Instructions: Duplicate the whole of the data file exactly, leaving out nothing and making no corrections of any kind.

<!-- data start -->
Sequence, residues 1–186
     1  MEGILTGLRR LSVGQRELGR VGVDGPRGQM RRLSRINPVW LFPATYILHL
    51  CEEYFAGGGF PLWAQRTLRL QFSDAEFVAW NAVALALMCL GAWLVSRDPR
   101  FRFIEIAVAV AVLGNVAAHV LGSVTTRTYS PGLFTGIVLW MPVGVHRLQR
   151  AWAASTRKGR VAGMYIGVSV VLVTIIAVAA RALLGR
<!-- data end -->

Sequence, residues 1–186
     1  MEGILTGLRR LSVGQRELGR VGVDGPRGQM RRLSRINPVW LFPATYILHL
    51  CEEYFAGGGF PLWAQRTLRL QFSDAEFVAW NAVALALMCL GAWLVSRDPR
   101  FRFIEIAVAV AVLGNVAAHV LGSVTTRTYS PGLFTGIVLW MPVGVHRLQR
   151  AWAASTRKGR VAGMYIGVSV VLVTIIAVAA RALLGR